The insurers that will best incorporate data analytics into their daily operations have multinational scale and are already technology savvy in their underwriting practices, Fitch ratings concluded in a new report.
In other words, the carriers set to benefit most from the often-talked about big data revolution have the raw material and abilities to make it work in the first place.
“Insurers that are currently more proficient underwriters and are adept at using technology in operations are likely to continue to reap success by developing big data analytics,” Fitch said in its report on disruptive technology in insurance.
Fitch notes that large insurers (multinational and otherwise) have the scale and resources to invest in technology and maximize the benefits big data can bring to operations and underwriting. But specialty and niche underwriters that have strong underwriting records and the embrace of technology in their DNA also have a good shot at big data success.
Insurers risk being left out of the big data revolution, however, if they don’t stay current with their technological investments.
“Failure to keep pace with investing in underwriting technology and analytics exposes insurers to significant risk of being marginalized,” Fitch said in its report.
Fitch envisions that marginalization happening as more tech-savvy insurers take away the best risks from rivals that haven’t stayed technologically current.
“Risk of adverse selection in the underwriting portfolio is a primary threat as more adept competitors pick off less sophisticated carriers’ best risks, leaving behind lower market share and poorer underwriting results,” Fitch said.
Small Insurers Could Struggle; Insurance Cycle Might Limit Big Data Gains
Mutual insurers “that have previously not kept pace with technology” are vulnerable to losing out on the big data transformation,” Fitch said. Small insurers will also face problems, particularly those “that lack the resources and expertise to invest.”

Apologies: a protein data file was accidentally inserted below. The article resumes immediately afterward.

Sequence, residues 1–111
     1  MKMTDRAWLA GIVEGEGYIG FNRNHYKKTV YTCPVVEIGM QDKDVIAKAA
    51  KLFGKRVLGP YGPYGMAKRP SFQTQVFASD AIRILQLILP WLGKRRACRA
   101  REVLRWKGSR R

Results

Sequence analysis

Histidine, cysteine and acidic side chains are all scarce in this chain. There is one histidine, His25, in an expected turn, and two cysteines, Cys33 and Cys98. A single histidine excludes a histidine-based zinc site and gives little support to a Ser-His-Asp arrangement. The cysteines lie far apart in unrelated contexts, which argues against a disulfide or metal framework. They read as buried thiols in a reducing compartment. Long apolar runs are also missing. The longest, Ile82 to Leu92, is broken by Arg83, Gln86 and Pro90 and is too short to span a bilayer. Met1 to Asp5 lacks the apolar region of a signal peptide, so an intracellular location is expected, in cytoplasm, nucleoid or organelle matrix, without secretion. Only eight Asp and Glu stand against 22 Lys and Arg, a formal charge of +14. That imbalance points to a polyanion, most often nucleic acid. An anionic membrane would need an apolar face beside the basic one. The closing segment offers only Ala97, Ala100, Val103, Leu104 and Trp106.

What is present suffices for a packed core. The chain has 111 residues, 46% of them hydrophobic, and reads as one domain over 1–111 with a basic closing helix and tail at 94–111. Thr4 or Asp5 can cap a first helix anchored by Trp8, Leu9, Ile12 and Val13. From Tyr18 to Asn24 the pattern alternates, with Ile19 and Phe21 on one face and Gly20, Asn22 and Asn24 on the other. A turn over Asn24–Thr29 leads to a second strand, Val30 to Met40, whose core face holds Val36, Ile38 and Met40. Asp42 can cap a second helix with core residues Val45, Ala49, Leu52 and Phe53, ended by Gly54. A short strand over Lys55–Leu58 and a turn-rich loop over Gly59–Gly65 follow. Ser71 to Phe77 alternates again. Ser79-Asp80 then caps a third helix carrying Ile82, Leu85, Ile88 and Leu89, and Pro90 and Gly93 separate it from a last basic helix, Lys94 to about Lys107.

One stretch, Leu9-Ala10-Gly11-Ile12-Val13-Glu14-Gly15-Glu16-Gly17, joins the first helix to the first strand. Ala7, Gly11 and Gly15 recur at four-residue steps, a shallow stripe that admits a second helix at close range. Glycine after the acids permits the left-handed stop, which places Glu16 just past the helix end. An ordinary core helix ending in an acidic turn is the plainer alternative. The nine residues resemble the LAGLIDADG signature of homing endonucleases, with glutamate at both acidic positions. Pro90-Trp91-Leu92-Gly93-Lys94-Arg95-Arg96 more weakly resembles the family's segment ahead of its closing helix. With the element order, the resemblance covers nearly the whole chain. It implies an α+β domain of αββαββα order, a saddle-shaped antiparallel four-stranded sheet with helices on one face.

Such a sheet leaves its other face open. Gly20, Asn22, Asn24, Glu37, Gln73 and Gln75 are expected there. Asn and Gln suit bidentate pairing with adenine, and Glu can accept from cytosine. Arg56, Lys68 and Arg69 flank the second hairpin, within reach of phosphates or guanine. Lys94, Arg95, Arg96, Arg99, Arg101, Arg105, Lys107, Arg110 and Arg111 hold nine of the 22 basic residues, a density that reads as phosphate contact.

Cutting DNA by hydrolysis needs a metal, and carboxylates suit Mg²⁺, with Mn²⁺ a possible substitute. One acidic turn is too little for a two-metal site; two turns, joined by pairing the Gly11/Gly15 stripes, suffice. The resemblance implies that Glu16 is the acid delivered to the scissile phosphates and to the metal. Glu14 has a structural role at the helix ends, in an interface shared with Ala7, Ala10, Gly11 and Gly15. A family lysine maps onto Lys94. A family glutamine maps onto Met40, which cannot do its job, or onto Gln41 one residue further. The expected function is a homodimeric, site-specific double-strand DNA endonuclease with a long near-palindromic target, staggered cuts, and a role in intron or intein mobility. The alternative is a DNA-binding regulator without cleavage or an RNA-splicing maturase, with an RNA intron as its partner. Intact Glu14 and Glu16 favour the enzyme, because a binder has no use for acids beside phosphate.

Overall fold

Fitch said that the nature of the insurance business could prevent broader and lasting big-data improvements, despite the real gains that tech-savvy underwriters will see.
“While the more proficient underwriters should improve profitability and return on capital by leveraging big data and advanced analytics, overall industry performance improvements will be more difficult to observe and could prove short-lived due to the cyclical and highly competitive nature of the insurance business,” Fitch said.
Fitch said that the insurers that succeed most with big data will likely have the following factors at play:
- Support from the chief executive and board levels of the organization and a “clear commitment” to providing the necessary time and resources.
- A clear big-data strategy, core to the business itself, that defines focus areas and “measurable business objectives.”
- A realistic viewpoint about whether a carrier has enough technological prowess to adapt to big data on its own or with a partner. (Mergers and acquisitions are among the options here).
- An ability to recruit top talent that can drive technological innovations and is pulled from various sectors. To do this, carriers may have to modify their organization and operating model.
- An embrace of the idea that trial and error are synonymous with innovation and that “controlled errors” are OK in the process of ramping up big-data operations.
- A clear way to address potential privacy concerns, which will help make sure that data and information is handled ethically and fairly and protected against cyber risks.
Source: Fitch Ratings